Sunday, January 3, 2010
Is New York the greenest city in the US?
Do you know that the gasoline consumption for transportation in Manhattan is the lowest compared to any other city in the US? And the same is true for fossil fuel consumption for heating of houses and offices?
Green Metropolis is a book by David Owen that challenges the common thinking about being sustainable, green, and environmental-friendly.
The tagline gives you a hint: "Why Living Smaller, Living Closer, and Driving Less Are the Keys to Sustainability".
However, the key idea of the book is deeper.
The author will try to convince you that instead of relying on people's commitment, cities should be designed in a way that makes sustainable living possible. For example, you cannot encourage urban sprawl and then force those people living far from the city to behave in a greener way. They will need their own car to go to work, just because public transportation cannot be efficient when people are living far apart one from the other.
A similar reasoning extends to distributed generation and energy efficient buildings. Most of the people think that making their house or office environmental-friendly is a matter of buying "gadgets", spending money of expensive features (and this is the idea behind green-certification like LEED). This book, among other things, shows that this idea is not true. People can make their houses greener just by doing some choices which are almost cost-free. And in many cases the way cities and neighbourhoods are structured strongly affects the energy consumption of their inhabitants.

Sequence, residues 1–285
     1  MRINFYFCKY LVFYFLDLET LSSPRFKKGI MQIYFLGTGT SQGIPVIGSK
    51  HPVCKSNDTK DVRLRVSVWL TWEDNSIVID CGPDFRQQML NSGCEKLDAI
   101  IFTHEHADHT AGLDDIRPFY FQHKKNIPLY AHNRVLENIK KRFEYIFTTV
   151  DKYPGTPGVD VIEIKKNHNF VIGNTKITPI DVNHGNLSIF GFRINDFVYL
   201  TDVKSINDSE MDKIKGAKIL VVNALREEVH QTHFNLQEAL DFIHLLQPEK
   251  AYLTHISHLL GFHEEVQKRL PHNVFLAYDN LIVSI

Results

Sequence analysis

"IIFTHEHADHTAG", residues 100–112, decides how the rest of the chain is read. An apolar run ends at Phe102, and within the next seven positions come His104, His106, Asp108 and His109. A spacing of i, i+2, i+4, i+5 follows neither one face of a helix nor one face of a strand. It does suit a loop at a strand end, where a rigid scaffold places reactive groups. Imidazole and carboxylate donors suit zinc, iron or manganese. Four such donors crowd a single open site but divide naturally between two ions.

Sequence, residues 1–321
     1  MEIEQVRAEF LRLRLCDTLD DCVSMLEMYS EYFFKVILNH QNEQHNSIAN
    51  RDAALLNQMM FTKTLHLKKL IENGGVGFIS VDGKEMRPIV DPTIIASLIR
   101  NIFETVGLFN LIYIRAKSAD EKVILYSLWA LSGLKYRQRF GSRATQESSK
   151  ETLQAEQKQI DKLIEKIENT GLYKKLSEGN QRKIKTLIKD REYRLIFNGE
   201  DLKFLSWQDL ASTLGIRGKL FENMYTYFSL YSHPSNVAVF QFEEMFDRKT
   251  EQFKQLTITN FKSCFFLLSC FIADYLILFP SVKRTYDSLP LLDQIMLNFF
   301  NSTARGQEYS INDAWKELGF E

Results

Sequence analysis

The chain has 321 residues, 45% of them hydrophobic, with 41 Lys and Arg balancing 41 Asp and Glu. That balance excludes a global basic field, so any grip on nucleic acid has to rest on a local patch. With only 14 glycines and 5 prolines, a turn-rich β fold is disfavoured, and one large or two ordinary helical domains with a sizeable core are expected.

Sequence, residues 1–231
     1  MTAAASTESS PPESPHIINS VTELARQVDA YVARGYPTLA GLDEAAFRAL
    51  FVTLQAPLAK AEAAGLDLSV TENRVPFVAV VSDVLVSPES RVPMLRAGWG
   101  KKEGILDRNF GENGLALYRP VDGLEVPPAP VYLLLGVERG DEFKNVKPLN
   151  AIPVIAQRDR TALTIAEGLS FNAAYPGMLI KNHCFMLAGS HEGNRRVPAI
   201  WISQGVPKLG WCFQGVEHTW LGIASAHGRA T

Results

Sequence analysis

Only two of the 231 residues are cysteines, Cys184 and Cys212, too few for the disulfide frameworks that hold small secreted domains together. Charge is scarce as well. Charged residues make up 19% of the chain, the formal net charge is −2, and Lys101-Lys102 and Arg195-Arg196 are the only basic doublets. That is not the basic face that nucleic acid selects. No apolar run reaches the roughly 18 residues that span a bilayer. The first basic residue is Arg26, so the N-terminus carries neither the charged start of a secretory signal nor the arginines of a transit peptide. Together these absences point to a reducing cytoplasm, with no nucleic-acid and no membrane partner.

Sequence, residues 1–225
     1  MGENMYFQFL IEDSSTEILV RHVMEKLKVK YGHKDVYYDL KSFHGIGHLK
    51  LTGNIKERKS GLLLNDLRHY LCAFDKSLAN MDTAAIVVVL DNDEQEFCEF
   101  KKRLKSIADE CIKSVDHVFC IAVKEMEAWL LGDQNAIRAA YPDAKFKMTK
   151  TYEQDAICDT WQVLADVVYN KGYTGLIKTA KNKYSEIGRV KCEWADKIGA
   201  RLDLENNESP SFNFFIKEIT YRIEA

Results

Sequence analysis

The smart grid idea is not too far from this analysis. Making the grid smarter, cleaner and greener is not a matter of buying new smart gadgets or smart devices. Or at least it is not only that. The whole architecture must be optimized in a way that allows, for example, distributed generation to happen in an energy efficient, stable, and safe way.
Sometimes this re-design process will require new devices, smart electronics, and smart meters , sometimes it will only require some intelligence to be put into the existing devices, for example in the smart electronic interfaces that already equip every micro generator and every grid-connected inverter.
This book is strongly suggested to readers that want to know what should change in our houses, our cities, and our society to reduce our energy demand, and make our lifestyle really greener and more sustainable.